Posted on October 24, 2016 by iMFdirect
By Florence Jaumotte, Ksenia Koloskova, and Sweta Saxena
Version in Español (Spanish)
Migration, no matter how controversial politically, makes sense economically. A new IMF study shows that, over the longer term, both high- and low-skilled workers who migrate bring benefits to their new home countries by increasing income per person and living standards. High-skilled migrants bring diverse talent and expertise, while low-skilled migrants fill essential occupations for which natives are in short supply and allow natives to be employed at higher-skilled jobs. Moreover, the gains are broadly shared by the population. It may therefore be well-worth shouldering the short-term costs to help integrate these new workers.
Filed under: Advanced Economies, Economic research, Employment, Europe, IMF, Inequality, International Monetary Fund, labor force, Migration, unemployment | Tagged: advanced economies, employment, European migration, GDP, IMF, inequality, International Monetary Fund, labor force, labor productivity, migrants, Migration, nanny effect, public spending, unemployment | Leave a comment »
Posted on September 29, 2016 by iMFdirect
By Ian Bremmer and David Lipton
Versions: عربي (Arabic), 中文 (Chinese), Français (French), 日本語 (Japanese), Русский (Russian), and Español (Spanish)
Too often, a spirit of international cooperation evaporates just when it is most needed and most promising. And then, lack of cooperation leads to crisis; crisis belatedly forces cooperation; but that cooperation must begin with picking up the pieces.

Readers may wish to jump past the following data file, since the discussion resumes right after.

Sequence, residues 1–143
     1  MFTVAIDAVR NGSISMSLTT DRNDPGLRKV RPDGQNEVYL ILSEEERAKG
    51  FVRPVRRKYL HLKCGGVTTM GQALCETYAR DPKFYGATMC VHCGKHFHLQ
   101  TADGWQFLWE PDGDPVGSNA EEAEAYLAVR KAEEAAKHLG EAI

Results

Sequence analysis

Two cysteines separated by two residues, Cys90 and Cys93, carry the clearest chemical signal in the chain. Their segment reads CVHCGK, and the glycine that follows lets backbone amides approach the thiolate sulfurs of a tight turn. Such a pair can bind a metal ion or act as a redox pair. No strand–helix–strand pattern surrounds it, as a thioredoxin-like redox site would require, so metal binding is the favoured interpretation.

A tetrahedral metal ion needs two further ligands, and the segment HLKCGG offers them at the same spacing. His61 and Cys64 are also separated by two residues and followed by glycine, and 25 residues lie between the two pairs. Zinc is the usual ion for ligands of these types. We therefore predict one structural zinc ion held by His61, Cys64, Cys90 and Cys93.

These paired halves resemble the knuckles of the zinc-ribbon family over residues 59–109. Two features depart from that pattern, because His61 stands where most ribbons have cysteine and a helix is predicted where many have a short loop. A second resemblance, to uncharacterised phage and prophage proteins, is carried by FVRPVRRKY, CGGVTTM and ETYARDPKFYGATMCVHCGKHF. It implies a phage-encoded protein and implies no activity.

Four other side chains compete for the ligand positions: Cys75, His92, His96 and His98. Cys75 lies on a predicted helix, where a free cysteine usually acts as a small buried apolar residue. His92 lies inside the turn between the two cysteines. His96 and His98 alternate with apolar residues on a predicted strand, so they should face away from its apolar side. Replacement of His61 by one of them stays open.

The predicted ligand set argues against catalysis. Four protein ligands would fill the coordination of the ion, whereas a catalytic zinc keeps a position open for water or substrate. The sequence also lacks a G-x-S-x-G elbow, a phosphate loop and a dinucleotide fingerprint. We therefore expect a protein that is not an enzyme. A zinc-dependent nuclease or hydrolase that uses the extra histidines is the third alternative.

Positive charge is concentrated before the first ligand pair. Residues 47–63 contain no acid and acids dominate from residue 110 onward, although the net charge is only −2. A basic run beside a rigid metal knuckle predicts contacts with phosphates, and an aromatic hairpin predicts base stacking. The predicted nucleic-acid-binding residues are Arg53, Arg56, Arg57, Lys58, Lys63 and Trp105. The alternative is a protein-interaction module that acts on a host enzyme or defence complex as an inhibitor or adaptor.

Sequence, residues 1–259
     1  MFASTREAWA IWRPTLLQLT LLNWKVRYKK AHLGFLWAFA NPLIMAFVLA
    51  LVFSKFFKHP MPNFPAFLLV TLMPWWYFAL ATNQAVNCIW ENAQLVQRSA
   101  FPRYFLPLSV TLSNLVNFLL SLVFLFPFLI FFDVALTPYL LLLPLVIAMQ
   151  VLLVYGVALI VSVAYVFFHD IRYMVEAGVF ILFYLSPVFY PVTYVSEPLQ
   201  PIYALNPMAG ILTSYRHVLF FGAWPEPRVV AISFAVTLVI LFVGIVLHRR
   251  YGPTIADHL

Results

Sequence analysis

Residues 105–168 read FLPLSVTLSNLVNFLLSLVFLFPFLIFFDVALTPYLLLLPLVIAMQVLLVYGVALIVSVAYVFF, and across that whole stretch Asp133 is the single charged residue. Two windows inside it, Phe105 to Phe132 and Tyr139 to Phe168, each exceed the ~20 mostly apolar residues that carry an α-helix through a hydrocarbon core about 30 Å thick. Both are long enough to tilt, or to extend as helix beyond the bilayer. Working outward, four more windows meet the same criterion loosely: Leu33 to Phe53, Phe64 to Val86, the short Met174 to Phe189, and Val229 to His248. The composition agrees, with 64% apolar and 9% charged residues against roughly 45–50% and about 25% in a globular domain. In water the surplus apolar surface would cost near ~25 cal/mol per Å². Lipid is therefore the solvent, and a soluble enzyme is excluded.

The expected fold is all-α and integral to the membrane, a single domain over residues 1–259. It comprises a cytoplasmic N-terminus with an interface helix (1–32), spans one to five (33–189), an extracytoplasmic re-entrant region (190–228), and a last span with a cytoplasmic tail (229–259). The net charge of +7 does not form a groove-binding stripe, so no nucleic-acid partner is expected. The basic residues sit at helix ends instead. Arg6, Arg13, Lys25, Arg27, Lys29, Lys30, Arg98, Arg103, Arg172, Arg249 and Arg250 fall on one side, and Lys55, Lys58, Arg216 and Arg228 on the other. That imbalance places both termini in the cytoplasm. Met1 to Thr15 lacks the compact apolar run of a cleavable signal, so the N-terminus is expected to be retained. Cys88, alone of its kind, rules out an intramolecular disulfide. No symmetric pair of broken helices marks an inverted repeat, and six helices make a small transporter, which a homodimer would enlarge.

Filed under: Advanced Economies, Annual Meetings, China, Economic Crisis, Economic research, Emerging Markets, Europe, IMF, Inequality, International Monetary Fund, Middle East, U.S. | Tagged: advanced economies, BRICs, Chiang Mai Initiative, China, David Lipton, emerging market economies, Europe, G20, Ian Bremmer, IMF, IMF/World Bank Annual Meetings, iMFdirect, inequality, International Monetary Fund, Middle East, New Development Bank, refugees, technology, United Nations, United States | Leave a comment »
Posted on September 7, 2016 by iMFdirect
Are robots taking over the world economy? Life imitates art, and as robotic technology becomes more sophisticated, robots could soon become perfect substitutes for human labor.
Filed under: Advanced Economies, Economic research, Employment, Globalization, growth, IMF, income, Inequality, International Monetary Fund, labor force, labor markets, technology | Tagged: Andrew Berg, capital, Edward F. Buffie, Finance & Development magazine, global economy, Luis-Felipe Zanna, robots | Leave a comment »
Posted on September 6, 2016 by iMFdirect
By Longmei Zhang
Version in 中文 (Chinese)
The word “rebalancing” is often used to describe China’s economic transition. But what does it mean? And how much is China rebalancing? A recent IMF paper attempts to answer these questions. Continue reading